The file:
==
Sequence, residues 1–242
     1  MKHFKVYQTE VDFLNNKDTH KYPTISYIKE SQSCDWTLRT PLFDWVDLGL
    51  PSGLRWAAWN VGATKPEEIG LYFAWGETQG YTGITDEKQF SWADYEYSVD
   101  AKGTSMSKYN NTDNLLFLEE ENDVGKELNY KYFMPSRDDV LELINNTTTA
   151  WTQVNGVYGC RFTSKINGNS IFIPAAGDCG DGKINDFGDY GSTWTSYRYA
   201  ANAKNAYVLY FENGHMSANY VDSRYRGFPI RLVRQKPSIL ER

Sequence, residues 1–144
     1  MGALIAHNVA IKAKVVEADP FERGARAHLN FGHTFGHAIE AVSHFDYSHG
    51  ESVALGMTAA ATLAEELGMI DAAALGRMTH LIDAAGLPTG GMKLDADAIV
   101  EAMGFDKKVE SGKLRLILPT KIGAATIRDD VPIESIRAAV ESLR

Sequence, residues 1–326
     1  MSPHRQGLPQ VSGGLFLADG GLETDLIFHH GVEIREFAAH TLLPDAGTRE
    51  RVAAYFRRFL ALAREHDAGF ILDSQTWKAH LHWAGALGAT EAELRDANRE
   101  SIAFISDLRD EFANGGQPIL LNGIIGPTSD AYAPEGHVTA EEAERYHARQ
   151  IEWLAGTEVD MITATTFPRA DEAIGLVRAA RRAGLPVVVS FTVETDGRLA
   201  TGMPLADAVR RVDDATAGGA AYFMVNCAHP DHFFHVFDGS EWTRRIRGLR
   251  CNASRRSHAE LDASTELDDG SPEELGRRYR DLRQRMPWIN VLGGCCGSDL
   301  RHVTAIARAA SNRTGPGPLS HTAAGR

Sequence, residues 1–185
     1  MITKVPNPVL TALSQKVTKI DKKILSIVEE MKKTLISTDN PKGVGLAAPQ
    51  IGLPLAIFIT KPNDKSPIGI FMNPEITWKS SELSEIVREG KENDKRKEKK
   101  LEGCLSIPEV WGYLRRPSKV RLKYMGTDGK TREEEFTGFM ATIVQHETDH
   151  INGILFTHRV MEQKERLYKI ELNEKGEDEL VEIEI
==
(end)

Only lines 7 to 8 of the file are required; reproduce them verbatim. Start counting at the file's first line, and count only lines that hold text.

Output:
Sequence, residues 1–144
     1  MGALIAHNVA IKAKVVEADP FERGARAHLN FGHTFGHAIE AVSHFDYSHG